Last Friday evening (November 26), 550 Psyc 217 (Research Methods) students showcased their hard work designing and conducting research throughout this term in a poster session. It was a fabulous event with many students reporting a rich learning experience… and that it was fun to see what everyone else had come up with!
Many thanks to Eric Eich, who committed financial support from the department to make this happen, to the Life Sciences Institute for allowing us to book their space, to my fellow 217 instructor and poster session co-coordinator Colleen Brenner, additional 217 instructors Victoria Savalei and Rajiv Jhangiani, and all dozen Teaching Fellows for their support and dedication to making this a success. And, of course, to our hard-working, impressive students! It was a pleasure to see your work!
Last night 37 of my fabulous Intro Psych Section 6 students joined me in an exploration of the brain and body at World of Science’s Body Worlds exhibit. We were able to see in real size many of the structures we’ve been exploring in class, including the structures of the inner ear, and brain parts including the corpus callosum, thalamus, and hippocampus. After looking so often at magnified, stylized, colour-coded versions of these brain strutures it was amazing to be reminded of just how small and unimpressive the structures appear — despite their incredible capacities. There were some great posters on display throughout the exhibit that discussed the neuronal communication process, and what we know about the brain’s influence in creativity, sleep, personality, love… and so on.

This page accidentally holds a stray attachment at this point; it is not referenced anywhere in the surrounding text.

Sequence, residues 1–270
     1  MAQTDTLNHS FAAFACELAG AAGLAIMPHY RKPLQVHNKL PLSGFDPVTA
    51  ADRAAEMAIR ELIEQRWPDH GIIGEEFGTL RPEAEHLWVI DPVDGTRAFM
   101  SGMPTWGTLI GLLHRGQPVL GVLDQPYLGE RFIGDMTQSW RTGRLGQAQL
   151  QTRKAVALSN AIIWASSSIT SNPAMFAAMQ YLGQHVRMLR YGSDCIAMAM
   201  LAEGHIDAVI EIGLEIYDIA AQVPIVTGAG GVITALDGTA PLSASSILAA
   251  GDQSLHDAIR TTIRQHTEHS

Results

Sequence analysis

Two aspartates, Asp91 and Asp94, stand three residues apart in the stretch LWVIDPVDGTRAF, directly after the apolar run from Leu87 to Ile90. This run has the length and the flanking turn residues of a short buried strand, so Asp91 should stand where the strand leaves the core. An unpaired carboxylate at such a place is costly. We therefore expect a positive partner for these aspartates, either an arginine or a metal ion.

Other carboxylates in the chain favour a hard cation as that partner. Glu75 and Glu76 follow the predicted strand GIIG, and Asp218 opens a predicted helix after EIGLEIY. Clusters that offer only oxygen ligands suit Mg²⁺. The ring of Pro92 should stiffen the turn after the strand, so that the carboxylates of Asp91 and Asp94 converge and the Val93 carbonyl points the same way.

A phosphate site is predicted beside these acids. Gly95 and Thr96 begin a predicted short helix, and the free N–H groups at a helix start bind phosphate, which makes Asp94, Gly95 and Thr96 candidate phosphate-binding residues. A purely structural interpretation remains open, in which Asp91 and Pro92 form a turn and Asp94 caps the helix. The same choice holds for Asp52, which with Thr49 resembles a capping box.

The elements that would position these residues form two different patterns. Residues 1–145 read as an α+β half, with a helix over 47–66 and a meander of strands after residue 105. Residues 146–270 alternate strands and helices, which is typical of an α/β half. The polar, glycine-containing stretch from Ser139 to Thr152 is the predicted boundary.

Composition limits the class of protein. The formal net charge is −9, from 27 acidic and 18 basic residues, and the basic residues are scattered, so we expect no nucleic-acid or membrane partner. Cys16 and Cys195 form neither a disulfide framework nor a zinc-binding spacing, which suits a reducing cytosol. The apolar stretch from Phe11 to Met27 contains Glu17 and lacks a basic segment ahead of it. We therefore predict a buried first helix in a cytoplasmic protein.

Here’s me and some of my students as we were leaving the exhibit area (unfortunately no pics are allowed inside).
What students were saying:
It really helped me visualize everything we were talking about in class.
By being able to see the actual thing [e.g., the cochlea] it is easier to picture. Seeing a diagram is one thing, but the actual structure adds another level.
This field trip helped me to understand more about the thalamus and the neurons.